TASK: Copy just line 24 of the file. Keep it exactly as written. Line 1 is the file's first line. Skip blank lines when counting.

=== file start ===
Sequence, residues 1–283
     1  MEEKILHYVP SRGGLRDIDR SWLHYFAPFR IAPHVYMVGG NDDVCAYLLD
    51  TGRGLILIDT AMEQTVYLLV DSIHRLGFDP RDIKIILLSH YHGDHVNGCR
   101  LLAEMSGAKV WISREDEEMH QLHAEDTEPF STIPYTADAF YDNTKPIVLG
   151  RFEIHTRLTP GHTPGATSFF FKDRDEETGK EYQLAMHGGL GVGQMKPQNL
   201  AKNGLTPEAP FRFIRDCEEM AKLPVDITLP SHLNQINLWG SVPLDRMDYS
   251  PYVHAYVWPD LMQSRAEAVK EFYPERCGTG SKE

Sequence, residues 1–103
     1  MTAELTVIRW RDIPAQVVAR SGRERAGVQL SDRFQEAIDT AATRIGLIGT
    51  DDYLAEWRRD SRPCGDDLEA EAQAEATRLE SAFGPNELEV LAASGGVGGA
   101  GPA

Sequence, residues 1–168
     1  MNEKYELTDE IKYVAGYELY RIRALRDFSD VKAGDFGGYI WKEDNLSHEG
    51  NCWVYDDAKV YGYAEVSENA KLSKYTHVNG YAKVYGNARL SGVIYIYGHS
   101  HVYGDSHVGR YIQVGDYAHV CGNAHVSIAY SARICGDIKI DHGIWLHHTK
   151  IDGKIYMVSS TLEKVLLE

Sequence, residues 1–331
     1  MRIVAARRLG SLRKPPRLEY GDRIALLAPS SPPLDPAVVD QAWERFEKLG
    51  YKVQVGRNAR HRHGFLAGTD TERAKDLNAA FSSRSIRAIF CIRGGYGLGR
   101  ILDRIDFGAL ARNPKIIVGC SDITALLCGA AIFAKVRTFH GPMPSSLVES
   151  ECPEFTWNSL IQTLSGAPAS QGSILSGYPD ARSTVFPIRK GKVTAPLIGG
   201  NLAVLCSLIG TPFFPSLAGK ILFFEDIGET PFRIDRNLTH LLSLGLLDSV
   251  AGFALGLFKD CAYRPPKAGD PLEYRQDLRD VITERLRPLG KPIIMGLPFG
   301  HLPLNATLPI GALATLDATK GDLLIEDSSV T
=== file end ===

   301  HLPLNATLPI GALATLDATK GDLLIEDSSV T